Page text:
The 50 Best Pop Singles Of 1994 (Featuring New Interviews With Ace Of Base, TLC, Lisa Loeb, Real McCoy & Haddaway)
1. ACE OF BASE, “THE SIGN”
There are several given facts when it comes to popular music in the modern era, and they go like this: America is tops at turning out R&B; nobody can throw together a kickass girl group quite like the UK; and Sweden is untouchable when it comes to pure pop. So just how did this Scandinavian country come to be the epicenter of cool? Well, it didn’t just start with Robyn and Avicii and Tove Lo.
The OGs of Swedepop were ABBA, the quartet who gave the world “Dancing Queen” and “Take A Chance On Me” in the 1970s, not to mention the Polar Music Prize (so named after their own Polar Studios in Stockholm). Pop-rock duo Roxette were the next big export to hail from Sweden, just as the ’80s were coming to a close. By the early ’90s, grunge and alternative music took hold in America, born as a reaction to the so-perceived plastic pop of the previous decade.
Between the summer and fall of 1993, reigning US bands Smashing Pumpkins, Peal Jam and Nirvana released albums that were easy to categorize at the time as “grunge.” (They were, respectively, Siamese Dream, Vs. and In Utero.) But upon closer, repeated listens, each respective band’s desire to grow beyond the trendy grunge-rock genre was detectable. The then-dominant scene’s crunchy-guitar heyday was coming to a close, and in its wake, new sounds were taking hold.
Hip hop had been steadily growing since the Reagan era and experienced a major boom once the 1990s rolled around. In England, Britpop sprung up as a reaction to America embracing the distorted alt-rock coming out of Seattle. Meanwhile, Germany was exporting Eurodance acts that had a knack for blending Hi NRG beats with rapped verses and catchy choruses. A shift in music was happening, and, dammit, Americans were tired of moping around and wanted to have some fun.
Enter siblings Jonas “Joker” Bergrren, Jenny Berggren and Malin “Linn” Berggren, along with their childhood friend Ulf “Buddha” Ekberg, who made up Ace Of Base, a band out of the Swedish city of Gothenburg. Their name suggested possible rap inclinations, but Ace Of Base were dealing in pop, albeit with a reggae twist. To produce what would become their debut US single, “All That She Wants,” Jonas and Ulf hooked up with fellow countryman Dag Volle, also known as Denniz Pop, a former DJ who founded Cheiron Studios in Stockholm.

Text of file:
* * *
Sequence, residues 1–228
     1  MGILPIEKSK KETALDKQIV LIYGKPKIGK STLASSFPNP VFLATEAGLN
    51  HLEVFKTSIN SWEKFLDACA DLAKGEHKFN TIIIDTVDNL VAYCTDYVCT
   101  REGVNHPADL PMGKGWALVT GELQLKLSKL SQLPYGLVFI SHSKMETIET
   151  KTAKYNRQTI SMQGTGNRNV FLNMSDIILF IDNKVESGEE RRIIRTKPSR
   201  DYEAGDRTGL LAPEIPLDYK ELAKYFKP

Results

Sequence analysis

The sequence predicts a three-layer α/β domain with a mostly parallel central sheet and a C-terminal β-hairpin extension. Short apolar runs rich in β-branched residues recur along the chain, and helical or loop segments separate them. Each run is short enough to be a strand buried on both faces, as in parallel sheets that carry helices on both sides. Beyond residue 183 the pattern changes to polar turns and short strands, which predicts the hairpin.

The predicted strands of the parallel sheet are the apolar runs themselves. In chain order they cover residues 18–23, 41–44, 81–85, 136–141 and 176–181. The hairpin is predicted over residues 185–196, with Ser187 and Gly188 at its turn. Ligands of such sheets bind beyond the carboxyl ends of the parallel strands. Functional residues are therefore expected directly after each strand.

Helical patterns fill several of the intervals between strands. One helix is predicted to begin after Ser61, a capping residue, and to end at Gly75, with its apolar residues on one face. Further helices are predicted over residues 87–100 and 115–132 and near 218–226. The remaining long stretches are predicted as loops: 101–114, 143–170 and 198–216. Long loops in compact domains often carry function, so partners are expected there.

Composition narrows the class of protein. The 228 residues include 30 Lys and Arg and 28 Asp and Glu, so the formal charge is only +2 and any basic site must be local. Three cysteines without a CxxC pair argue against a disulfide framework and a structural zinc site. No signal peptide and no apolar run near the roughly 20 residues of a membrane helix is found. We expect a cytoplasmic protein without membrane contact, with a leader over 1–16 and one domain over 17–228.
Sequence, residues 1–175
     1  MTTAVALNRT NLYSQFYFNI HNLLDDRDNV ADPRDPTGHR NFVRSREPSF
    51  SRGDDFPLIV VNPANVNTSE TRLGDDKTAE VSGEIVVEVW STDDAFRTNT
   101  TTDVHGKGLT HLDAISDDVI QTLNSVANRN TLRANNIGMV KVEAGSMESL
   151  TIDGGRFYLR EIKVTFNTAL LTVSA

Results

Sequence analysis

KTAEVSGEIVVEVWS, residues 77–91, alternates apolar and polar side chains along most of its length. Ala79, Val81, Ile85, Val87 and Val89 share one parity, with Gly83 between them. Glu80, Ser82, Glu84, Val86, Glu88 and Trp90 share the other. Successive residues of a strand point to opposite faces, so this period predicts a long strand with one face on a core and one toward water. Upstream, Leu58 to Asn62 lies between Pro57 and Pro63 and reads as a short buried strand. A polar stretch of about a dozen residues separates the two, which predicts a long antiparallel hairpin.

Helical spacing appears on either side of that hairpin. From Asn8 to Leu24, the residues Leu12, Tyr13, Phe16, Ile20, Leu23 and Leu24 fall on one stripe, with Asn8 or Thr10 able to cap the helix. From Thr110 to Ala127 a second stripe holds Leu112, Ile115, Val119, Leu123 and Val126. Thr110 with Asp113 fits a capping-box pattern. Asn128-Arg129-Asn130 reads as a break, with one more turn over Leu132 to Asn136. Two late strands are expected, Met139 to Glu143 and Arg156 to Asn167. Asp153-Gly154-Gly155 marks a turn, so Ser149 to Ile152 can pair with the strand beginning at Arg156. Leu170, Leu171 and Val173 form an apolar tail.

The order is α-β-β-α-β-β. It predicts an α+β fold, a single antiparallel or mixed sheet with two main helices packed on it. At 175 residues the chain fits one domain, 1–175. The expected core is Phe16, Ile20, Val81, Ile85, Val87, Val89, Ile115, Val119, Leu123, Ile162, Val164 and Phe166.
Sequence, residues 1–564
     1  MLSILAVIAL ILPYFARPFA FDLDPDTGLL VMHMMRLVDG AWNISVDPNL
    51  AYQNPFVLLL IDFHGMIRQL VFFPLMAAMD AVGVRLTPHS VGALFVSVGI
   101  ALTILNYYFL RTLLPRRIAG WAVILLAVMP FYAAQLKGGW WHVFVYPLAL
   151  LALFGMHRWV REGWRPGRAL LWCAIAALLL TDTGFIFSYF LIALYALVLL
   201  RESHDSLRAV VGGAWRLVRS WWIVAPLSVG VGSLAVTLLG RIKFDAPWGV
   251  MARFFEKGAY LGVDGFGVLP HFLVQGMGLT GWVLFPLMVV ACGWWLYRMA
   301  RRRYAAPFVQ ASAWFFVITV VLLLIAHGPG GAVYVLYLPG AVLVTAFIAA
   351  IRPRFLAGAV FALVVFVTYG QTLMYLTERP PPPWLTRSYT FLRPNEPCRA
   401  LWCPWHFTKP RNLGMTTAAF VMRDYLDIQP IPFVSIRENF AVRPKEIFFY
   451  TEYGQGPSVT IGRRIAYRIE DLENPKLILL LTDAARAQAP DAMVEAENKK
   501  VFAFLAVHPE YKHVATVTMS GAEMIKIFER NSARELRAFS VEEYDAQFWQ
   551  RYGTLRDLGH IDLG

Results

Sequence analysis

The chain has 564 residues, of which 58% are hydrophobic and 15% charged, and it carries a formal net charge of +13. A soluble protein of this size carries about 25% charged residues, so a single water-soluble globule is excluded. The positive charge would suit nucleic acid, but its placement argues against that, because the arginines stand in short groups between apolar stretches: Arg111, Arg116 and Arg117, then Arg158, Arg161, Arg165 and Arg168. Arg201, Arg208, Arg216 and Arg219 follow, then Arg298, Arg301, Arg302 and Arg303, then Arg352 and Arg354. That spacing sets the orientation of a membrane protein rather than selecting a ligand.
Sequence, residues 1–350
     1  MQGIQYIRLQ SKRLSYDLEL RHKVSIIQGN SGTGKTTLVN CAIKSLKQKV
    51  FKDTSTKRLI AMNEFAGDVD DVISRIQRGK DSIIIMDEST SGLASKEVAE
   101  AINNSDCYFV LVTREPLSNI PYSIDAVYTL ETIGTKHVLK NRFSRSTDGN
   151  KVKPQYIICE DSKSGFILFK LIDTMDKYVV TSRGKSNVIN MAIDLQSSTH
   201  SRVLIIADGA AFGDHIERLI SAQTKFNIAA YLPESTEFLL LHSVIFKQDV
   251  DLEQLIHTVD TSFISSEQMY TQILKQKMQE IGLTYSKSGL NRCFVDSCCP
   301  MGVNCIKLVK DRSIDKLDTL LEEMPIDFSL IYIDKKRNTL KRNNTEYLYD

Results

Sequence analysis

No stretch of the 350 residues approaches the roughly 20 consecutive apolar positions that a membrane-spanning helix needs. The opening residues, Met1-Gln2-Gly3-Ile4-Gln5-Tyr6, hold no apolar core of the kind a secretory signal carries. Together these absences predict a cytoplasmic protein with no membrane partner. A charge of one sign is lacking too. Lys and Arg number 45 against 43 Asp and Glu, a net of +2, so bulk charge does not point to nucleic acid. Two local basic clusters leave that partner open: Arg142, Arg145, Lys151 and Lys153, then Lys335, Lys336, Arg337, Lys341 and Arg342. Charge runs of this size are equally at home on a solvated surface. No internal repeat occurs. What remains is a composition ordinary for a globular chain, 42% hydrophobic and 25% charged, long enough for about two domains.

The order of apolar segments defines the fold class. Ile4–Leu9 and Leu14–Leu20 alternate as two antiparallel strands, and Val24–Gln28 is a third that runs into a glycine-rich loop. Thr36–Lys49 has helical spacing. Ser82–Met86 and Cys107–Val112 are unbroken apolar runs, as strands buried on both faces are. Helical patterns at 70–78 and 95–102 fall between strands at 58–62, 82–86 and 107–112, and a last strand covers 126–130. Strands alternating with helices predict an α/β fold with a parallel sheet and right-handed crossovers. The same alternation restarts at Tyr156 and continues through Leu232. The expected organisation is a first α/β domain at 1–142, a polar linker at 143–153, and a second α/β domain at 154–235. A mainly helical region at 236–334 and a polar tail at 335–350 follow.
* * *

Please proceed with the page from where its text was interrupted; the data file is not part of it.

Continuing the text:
“After [‘All That She Wants’] was recorded Ulf, Linn and I borrowed Denniz’s own car and went out to a deserted car park outside and just pumped up the volume and listened to the track many times that night,” Jonas says. “We knew we had done something special.”
Released stateside by Arista in 1993, “All That She Wants” was a reggae-pop oddity (compared to everything else on the radio at the time) about a woman on the prowl (“She’s going to get you!”) for “another baby.” The single reached #2 on the Hot 100, and while it would have been easy at this point for Ace Of Base to slip into the annals of one-hit wonderdom, Arista had bigger plans, and the band had an even better song waiting in the wings.
Ace Of Base’s debut LP Happy Nation was already out in Europe by the time “All That She Wants” crossed over in the States, but Arista president Clive Davis and A&R head Richard Sweret asked the band to record additional tracks for the North American release — mainly “The Sign” and a cover of “Don’t Turn Around.”
“They wanted something different from the European album, to make it more special,” Jonas recalls. “I had ‘The Sign’ only just in my head. The first time anyone heard it was Denniz Pop, who got a rough demo. It was just instrumental and I remember that he thought the verse was the chorus. Arista loved the song!”
Far more high octane than “All That She Wants” and way meatier as a song in general, “The Sign” was a straight-up smash that was tailor made for radio. It shot to the top of the Billboard Hot 100 for four weeks in March 1994, only to be bump-N-grinded off by R. Kelly in April. Then, in a rare move, “The Sign” returned to #1 a month later for two more weeks. Like with “All That She Wants,” Jonas remembers the recording session for “The Sign” fondly.
“We recorded it rather fast,” he explains. “The chorus was hard to sing since it has no time to breathe in it. We solved it by letting Jenny sing the second and fourth part of it. They wanted Linn to sing because Denniz loved her voice, so she did the vital parts. Denniz, [co-producer] Douglas [Carr] and I were happy with the result. An interesting part is that the song was so loud that we had to reduce the volume by three decibels compared to the other tracks when we mastered the album.”